If the diffuser ruling handed down last week could result in the sort of levels of vitriolic fallout seen in Shanghai, imagine the potential split within FOTA if the FIA actually introduces a two-tier Formula 1 championship for 2010, with the differentiator between the categories being adherence (or not) to the voluntarily £30m budget cap as analysed here within minutes of its announcement on 17 March.
Last week this column reviewed the concept from an existing team perspective; this week the other side of the fence - as seen from the perspective of potential teams such as the US-based outfit presently being assembled by Peter Windsor and Ken Anderson - is presented.
Peter Windsor © LAT
Rumours in Malaysia and China suggested that Lola - which recently restructured its board, appointing Robin Brundle (brother to Martin) as managing director - was looking at a return to F1 under the budget cap, and then there is Alejandro Agag, the extremely well-connected and wealthy Spaniard who recently bought Adrian Campos' GP2 team could be looking to move the outfit upstream.
A word of caution, though: in China last year it was rumoured that as many as five teams had indicated their interest in the standardised engine concept as announced at the time; within six months it died a silent death...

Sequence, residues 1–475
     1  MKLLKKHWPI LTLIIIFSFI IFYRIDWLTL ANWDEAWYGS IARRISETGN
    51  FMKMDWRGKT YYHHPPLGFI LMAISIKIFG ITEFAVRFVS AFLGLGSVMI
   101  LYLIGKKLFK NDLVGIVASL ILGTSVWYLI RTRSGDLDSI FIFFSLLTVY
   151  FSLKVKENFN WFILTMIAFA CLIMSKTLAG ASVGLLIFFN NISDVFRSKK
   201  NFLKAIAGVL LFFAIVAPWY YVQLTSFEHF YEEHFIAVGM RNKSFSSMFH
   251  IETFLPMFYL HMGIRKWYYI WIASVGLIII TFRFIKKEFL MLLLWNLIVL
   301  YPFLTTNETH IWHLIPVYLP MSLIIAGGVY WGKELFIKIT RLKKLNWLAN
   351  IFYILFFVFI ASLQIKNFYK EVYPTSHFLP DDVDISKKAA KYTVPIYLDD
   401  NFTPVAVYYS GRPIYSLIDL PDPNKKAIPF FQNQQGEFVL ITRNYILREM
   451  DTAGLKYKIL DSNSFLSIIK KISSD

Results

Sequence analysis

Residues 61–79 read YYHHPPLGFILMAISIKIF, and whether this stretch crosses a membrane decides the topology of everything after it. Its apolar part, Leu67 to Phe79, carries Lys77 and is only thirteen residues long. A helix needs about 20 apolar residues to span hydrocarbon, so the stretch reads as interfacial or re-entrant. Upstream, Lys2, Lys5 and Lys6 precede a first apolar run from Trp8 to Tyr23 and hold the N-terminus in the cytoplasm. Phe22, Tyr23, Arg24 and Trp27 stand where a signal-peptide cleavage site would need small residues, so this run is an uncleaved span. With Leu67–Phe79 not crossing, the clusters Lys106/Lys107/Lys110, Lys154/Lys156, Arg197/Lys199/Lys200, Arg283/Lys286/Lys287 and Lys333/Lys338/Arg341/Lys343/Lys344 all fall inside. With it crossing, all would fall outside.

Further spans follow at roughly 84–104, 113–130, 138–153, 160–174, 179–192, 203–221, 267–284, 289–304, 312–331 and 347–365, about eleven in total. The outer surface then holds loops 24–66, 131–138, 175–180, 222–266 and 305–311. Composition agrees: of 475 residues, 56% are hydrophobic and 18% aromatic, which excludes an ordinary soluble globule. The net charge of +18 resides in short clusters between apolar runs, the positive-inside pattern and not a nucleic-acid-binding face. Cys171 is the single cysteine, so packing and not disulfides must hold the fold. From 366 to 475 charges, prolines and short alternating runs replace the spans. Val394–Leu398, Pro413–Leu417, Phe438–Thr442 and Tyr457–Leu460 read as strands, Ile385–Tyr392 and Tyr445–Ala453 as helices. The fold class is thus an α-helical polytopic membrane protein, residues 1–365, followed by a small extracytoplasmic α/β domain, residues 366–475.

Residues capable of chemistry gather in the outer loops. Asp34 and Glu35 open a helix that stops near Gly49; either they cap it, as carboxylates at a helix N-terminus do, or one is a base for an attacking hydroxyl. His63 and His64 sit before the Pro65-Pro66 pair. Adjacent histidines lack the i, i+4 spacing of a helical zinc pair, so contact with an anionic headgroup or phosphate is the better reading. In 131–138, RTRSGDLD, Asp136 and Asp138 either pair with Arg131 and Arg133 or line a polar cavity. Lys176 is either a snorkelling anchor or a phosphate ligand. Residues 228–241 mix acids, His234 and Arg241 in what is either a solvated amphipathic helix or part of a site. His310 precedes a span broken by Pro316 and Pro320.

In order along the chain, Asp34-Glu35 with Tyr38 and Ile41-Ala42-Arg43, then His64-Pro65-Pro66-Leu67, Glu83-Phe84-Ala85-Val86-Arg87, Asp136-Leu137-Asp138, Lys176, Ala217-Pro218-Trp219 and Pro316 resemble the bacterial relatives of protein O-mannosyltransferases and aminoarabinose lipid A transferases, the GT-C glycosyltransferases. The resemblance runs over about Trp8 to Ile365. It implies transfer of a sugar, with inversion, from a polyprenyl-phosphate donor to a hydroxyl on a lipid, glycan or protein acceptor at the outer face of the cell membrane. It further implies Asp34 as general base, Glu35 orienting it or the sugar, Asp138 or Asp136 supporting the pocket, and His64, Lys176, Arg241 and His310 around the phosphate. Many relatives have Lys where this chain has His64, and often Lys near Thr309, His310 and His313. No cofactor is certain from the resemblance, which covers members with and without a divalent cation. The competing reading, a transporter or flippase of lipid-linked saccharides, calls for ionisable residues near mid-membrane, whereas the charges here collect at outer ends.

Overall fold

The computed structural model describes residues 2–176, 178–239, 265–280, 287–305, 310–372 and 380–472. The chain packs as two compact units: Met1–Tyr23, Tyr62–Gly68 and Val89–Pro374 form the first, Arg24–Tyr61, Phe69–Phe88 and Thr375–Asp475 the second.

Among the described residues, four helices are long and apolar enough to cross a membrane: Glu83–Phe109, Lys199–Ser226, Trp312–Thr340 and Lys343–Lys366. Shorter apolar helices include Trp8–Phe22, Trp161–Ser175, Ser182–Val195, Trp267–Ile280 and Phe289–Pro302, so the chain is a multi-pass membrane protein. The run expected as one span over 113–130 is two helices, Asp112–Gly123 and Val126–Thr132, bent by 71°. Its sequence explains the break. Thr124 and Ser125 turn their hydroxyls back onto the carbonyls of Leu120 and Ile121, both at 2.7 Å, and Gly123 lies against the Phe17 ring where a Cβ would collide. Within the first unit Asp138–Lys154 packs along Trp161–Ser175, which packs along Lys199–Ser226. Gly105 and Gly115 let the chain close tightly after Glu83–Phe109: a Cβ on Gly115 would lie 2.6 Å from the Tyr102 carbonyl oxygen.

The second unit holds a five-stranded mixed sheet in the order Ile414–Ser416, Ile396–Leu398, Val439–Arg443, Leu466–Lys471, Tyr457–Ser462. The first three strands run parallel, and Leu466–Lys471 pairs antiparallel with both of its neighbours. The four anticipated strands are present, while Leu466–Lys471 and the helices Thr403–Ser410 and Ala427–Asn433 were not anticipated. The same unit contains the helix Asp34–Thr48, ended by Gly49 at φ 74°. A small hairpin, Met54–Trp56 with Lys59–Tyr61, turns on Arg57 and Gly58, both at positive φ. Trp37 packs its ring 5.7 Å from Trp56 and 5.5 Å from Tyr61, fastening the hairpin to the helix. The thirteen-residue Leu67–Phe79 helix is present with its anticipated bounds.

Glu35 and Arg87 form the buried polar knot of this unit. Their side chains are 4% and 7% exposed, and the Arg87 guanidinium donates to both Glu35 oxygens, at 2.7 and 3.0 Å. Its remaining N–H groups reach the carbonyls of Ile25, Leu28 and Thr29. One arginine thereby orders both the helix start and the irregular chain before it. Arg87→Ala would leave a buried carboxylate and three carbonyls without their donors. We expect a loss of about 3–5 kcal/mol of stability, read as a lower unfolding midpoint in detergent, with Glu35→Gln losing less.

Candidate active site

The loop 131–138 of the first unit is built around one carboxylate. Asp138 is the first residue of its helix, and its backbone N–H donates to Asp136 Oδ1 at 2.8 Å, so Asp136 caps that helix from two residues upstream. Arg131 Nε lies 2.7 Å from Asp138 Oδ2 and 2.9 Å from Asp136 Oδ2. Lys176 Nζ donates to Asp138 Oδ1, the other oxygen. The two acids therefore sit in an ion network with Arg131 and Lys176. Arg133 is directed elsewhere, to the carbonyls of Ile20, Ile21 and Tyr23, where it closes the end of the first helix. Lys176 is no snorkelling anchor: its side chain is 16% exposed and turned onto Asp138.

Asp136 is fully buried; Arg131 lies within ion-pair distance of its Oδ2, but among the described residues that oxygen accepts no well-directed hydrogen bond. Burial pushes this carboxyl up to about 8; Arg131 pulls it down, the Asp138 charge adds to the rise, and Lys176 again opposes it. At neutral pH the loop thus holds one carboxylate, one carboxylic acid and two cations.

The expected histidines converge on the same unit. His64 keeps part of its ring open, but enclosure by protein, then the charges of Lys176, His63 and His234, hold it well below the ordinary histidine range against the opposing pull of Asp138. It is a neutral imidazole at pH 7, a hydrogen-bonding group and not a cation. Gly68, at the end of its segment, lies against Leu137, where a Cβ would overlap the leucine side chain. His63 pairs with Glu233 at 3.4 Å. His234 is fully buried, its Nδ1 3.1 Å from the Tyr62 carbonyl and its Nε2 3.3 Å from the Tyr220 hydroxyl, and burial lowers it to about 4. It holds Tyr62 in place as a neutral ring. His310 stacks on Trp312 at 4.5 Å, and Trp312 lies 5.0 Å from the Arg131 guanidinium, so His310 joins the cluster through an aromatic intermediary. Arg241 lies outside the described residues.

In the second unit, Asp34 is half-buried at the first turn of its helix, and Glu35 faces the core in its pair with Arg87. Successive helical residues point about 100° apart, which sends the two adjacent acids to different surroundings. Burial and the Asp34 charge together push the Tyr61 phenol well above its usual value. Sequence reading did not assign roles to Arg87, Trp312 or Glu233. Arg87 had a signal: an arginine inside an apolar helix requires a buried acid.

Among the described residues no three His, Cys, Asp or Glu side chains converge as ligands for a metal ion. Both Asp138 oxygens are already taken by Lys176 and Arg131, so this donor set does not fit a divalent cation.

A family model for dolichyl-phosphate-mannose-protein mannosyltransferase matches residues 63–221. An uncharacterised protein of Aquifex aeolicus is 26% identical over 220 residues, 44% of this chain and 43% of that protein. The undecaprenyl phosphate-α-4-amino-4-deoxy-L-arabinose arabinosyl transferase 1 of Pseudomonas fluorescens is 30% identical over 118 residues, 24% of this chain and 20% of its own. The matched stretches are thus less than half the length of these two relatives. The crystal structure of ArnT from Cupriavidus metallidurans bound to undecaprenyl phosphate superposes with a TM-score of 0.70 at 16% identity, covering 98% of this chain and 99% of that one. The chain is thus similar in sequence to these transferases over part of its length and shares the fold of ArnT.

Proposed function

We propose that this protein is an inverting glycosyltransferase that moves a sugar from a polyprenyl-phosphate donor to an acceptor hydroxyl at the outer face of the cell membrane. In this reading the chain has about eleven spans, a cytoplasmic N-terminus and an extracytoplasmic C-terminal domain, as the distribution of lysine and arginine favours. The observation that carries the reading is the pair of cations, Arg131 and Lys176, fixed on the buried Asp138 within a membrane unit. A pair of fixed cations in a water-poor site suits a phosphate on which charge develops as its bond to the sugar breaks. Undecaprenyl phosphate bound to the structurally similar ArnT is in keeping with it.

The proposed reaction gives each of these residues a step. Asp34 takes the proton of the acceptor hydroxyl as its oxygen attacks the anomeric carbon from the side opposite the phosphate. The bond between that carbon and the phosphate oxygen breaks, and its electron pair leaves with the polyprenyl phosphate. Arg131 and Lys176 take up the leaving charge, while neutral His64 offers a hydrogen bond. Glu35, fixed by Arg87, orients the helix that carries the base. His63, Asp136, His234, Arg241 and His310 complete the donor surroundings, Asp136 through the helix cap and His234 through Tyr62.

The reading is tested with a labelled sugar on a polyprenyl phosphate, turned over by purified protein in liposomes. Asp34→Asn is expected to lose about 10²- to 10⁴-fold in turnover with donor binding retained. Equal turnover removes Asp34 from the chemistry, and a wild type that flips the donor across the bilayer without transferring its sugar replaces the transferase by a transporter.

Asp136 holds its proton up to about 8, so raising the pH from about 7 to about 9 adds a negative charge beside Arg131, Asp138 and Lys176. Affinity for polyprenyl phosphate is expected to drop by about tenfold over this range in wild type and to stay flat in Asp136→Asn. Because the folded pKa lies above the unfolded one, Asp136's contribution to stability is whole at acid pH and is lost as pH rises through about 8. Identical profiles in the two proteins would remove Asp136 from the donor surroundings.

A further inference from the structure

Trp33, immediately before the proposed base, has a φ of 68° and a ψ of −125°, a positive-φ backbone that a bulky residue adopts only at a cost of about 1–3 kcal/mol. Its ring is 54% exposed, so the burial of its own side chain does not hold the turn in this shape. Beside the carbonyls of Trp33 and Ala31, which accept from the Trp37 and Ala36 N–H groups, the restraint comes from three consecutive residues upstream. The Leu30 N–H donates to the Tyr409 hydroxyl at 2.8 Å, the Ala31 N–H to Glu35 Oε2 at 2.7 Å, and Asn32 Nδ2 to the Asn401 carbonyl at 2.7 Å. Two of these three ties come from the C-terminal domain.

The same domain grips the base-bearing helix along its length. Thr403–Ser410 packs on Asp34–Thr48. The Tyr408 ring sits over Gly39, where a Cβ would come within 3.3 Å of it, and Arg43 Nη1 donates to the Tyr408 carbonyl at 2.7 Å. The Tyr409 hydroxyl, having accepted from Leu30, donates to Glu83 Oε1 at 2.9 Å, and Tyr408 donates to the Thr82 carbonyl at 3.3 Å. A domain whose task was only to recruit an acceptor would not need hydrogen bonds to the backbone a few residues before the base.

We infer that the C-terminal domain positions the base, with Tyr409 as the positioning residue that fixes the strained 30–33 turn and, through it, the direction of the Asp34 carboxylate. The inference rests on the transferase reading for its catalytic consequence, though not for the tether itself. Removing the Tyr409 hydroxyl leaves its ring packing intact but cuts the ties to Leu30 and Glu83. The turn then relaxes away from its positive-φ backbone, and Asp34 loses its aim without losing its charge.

However, the overall success of the entire '30 mil' concept (indeed, its introduction), hinges on three crucial components:
Availability of a customer engine providing competitive F1 performance and duty cycles at a realistic price
Ability of teams to raise the necessary cash is these straitened times, given that they are unlikely to have 'mother ships' willing/able to bankroll their first seasons
Confirmation of the precise regulations within the next month (six weeks maximum) if the category is to see the light day in 2010 as envisaged in March. Further slippage will, according to various sources, drastically inflate costs and/or reduce the competitiveness of the newcomers - impacting further on an already marginal budget cap.
Back in March this column predicted that existing manufacturer teams would be unwilling to supply their units to teams signing up to the voluntary budget cap, for inherent in the rules for the category are less restricted rev limits, meaning engine suppliers would need to develop and supply engines to two specification levels whilst running the very real risk of being beaten by customers complying with 'cattle class' regulations.
However, whenever radical engine regulations are suggested, mention of Cosworth - the former championship-winning engine company which was unceremoniously sidelined after 2006 when Williams elected to go with Toyota and the FIA permitted Ferrari to simultaneously service both Toro Rosso and Force India - invariably enters the conversation.